Appellants, on the other hand, contend that, since the usual road lights on the bus were all burning at the time of the accident, they had complied with all statutory requirements and were not guilty of primary negligence, but that, if they were negligent, their negligence was not the proximate cause of the accident, and that in any event appellee voluntarily placed himself in a position of obvious danger and was therefore as a matter of law guilty of negligence directly contributing to the injuries of which he complains.
The record submits its eight exceptions, seven of which relate to rulings on evidence and one to the court's rulings on the prayers. The rulings on the evidence were abandoned in this court, so that there remains for consideration only the action of the trial court on the prayers.
If the jury were entitled to have the case at all, the two prayers granted for the plaintiff were unobjectionable and require no discussion, while all of the defendants' prayers, except those which went to a directed verdict, were granted. The issues in the case raised by those prayers are (1) whether the evidence was legally sufficient to show that the defendants were guilty of primary negligence which was the proximate cause of the injury of which appellee complains, and (2) whether upon the whole evidence the appellee was as a matter of law guilty of negligence directly contributing to such injury.
Appellants' first and third prayers tender the issues of primary negligence and proximate cause, while by their second prayer they asked to have the jury instructed that the plaintiff was guilty of contributory negligence as a matter of law, and for that reason not entitled to recover.
Because of the nature of those prayers, all conflicts in the evidence will be resolved in favor of the appellee, and the truth of all evidence, and such inferences as may naturally and legitimately be deduced therefrom which tend to support his right to recover, will be assumed. Travelers' Insur. Co. v. Hermann, 154 Md. 182, 140 A. 64; Clough Molloy v. Shilling, 149 Md. 199, 131 A. 343; Abuc Trading Corp. v. Jennings, 151 Md. 398, 404, 135 A. 166; Purdum v. Edwards, 155 Md. 187, 141 A. 550.
On his own behalf, after testifying to the facts which have been stated, Dawson said that, when the dome lights were turned off, the bus "set across the road," and neither the headlights nor the rear lights could be seen from it, because they pointed away from the road, but that the dome lights, when turned on, lit up the interior of the bus so that it was distinctly visible to persons on the road; that between the front of the bus and a fence post on the east side of the road there was a space of about three feet clear; that when the driver re-entered the bus he (Dawson) remained in the roadway on the left or Cumberland side of the bus, and, when he saw the MacDonald car approaching "with the bus standing there blocking the road," he feared an accident unless MacDonald stopped his car, but it did not "look as if he was going to stop," and he thought "the MacDonald car was making about the limit as it came along, that to warn him and prevent an accident, he, Dawson, lighted a match and waved it, and then "stopped over off the road," into a ditch on the east or left side facing Keyser; that, as the MacDonald car got closer to the bus, it swerved suddenly to the left and struck him.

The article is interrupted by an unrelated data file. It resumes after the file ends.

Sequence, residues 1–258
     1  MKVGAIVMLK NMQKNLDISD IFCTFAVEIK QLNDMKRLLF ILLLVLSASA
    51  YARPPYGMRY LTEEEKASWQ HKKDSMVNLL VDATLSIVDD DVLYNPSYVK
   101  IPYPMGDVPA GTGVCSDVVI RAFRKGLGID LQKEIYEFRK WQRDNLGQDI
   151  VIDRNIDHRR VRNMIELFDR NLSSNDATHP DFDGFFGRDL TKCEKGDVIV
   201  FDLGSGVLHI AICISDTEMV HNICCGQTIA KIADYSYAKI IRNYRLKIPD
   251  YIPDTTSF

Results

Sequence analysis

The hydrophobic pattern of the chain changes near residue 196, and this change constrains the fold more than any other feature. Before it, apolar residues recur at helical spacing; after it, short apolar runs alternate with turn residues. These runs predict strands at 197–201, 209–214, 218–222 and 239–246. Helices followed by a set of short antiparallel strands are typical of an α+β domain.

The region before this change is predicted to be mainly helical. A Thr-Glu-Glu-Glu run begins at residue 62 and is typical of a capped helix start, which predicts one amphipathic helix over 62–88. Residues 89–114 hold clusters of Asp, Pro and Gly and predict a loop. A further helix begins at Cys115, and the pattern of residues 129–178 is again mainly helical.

Alfred S. Somerfield, a neighbor, happened to be returning to his home on the same road a few hundred yards north of Dawson's lane, from Keyser, West Virginia, when he saw the bus across the road. He testified that, when he first saw it, the dome lights in the bus were burning and that he had no difficulty in seeing it, and that the driver apparently saw him approach and waited for him to pass; that at that time the bus was "pulled up in the lane," leaving a clear space through which witness passed; that his lane was about 300 yards from Dawson's lane, and when he reached it he turned into it, put his car away, and was about to enter his house when he saw the MacDonald car approaching; that at that time the interior lights of the bus were not burning and it had backed out again towards the other side, that he thought there would be "trouble" and kept watching until the collision; that when the crash came he went to the scene and from what he saw it appeared as though the "car had tried to go between the post and the front of the bus," a clear space of three to five feet; that at that time the interior lights were out and he heard no warning signal given by the bus driver; that the road lights on the bus did not show "up the road or down the road," although they were visible to him when he was at his house about one hundred feet from the road; that when he arrived at the scene of the accident the front of the bus was four or five feet from the post and the rear of it projected six or seven feet beyond the macadam on the other side of the road, completely blocking the highway, except for the space of three to five feet in front between the front of the bus and the post.